3. Just around the bend is a huge oil refinery with dozens of oil tankers ready to unload. Ironically, this Expo about protecting the ocean and the coasts is located on one of the most endangered portions of the Korean coastline. I have a personal bone to pick: the Expo's about the health of the Ocean (which I assume includes its inhabitants, yet the aquarium they've created to complement the Expo is holding captive naturally migrating marine mammals -- Beluga whales, large porpoises -- for no good reason. That being said, this small "Special Expo" would be a really nice Expo to visit: not too crowded, a focused theme (who could disagree with healthier oceans?), and the thrill of being just miles from an international political fault line. The gravitational fields exerted by China, Japan, and North Korea must be intense. South Korea is one of the most, if not THE most digitized nations in the world. Worth seeing. Plus, the Korean people are handsome -- the women are exceptionally beautiful -- and the food is wunderbar. Parking can be a bear. So...who has plans to attend? Korea Times-Yeosu Expo 6 Apr 2010.pdf Yeosu Expo 2012 Best Practices Area briefing.pdf
  4. Don't believe everything you read. The press has gotten it wrong almost every single time. For example, it is NOT true that the US Government cannot fund US participation in Expos. It's a lie that's been promulgated to cover for a failed Bush Administration policy including choosing producers last year who can't put it together. Here's a better informed, more incisive story from Crosscut, the Seattle online journal: http://crosscut.com/2009/03/26/mossback/18916/ Until the legacy Bush policy of not funding the US participation in the Shanghai Expo is terminated, there will be no success in Shanghai. We're counting on the Obama Administration to seize the bull by the horns and fix things soon. Bob Jacobson BH&L Group Core Team Santa Monica, CA http://bhlgroup.org robert.jacobson@bhlgroup.org bluefire@well.com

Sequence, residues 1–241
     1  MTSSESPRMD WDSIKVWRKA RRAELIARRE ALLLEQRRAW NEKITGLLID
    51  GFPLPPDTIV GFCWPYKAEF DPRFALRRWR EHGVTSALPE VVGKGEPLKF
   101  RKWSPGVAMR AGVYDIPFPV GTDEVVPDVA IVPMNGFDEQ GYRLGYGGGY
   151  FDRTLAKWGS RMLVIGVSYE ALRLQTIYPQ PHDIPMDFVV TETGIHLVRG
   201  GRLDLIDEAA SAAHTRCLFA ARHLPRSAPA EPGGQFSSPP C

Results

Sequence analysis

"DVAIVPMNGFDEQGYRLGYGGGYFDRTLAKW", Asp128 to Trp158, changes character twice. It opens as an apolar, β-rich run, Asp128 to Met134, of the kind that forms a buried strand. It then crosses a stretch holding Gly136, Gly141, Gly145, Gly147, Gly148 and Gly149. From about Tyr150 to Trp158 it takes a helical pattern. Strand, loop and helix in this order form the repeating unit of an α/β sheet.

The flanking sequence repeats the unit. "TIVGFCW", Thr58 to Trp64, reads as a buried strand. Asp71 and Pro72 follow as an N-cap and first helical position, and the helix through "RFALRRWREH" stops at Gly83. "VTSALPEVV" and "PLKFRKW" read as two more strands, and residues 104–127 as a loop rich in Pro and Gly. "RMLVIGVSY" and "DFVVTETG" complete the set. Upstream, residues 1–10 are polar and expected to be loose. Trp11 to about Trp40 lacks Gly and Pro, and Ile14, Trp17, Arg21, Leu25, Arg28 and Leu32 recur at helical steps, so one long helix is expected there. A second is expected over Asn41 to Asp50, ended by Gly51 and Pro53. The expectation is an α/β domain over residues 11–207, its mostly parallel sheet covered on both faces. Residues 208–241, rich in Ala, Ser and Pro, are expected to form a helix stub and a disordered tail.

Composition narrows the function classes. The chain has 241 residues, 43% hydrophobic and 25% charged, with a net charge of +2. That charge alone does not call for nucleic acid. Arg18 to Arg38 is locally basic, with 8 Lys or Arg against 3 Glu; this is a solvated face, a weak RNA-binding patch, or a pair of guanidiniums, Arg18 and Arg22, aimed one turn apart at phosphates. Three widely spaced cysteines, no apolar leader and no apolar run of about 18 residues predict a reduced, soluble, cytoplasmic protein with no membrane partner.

5. Hi, my name is Bob Jacobson. I'm a member of the Core Team of the BH&L Group, a nonprofit association of world-class Expo developers, designers, architects, builders, logicians, technologists, and event planners named for our co-founders, Expo legends Barry Howard and Leonard Levitan. We've threw our hat in the ring in 2007. We were the finalist in the State Department's 2006-7 RFP to select a team to create the US National Pavilion, but we couldn't pony up $100 million and weren't awarded a letter of intent. The letter of intent was issued by State in a secretive 2008 sole-source process to a team headed by Nick Winslow and Ellen Eliasoph who have labored mightily to try and make the nut some other way ... in vain. I'm here to provide an insider's perspective and also to correct a few misunderstandings. One such misunderstanding is the fact that the same 1991 law that prohibits State Department funding of Expos specifically makes provision for funding of international Expos by other government agencies. The half-truth perpetrated by the Bush Administration to cover its decision not to fund a U.S. presence in Shanghai has been repeated ad infinitum in the 2007 RFP issued by State, and in the press. It just ain't so. Meanwhile, we are on the brink of failing to field a US National Pavilion because the Bush strategy is still in effect. Perhaps that will change with the new Administration. Also, there aren't just one or two competing groups -- the Winslow-Eliasoph team (Shanghai Expo 2010/USA Pavilion) and the BH&L Group -- there's three! The third group is a powerful informal association of dissident American expat business leaders who have become despondent witnessing the situation in Shanghai. The current team resigned the assignment in October, was resurrected by the Consulate in December, funded with mystery money, and is back at it...but still without traction. The expats are searching for a White Knight. We got back in the game after Winslow-Eliasoph resigned in October. We continue to plan for the future to provide a viable alternative if and when the new Administration finally changes course. Our Pavilion and Online Pavilions are quite remarkable, but I'll save that for another time. I could go on, but first why don't you read our website, http://bhlgroup.org, or our Facebook Page, http://tinyurl.com/bhlgroup-org, for background and then ask me questions. I'm glad to respond as candidly as I can without violating confidences or speculating wildly. In return, I hope you will let the President and Secretary of State, and your Members of Congress, know of your concerns. The more public awareness we evince, the more likely that our Government will take the Shanghai Expo seriously -- and act. Thanks. Bob Jacobson BH&L Group Core Team Santa Monica, CA bluefire@well.com 520-762-7267 office 520-370-1259 mobile PS I'm actually in Tucson, but commuting regularly. If you're interested in working with the BH&L Group -- presuming we have a chance to make a positive difference -- let me know. Homepage_of__United_States_Pavilion__Expo_2010___UnitedStatesPavilion.com_.pdf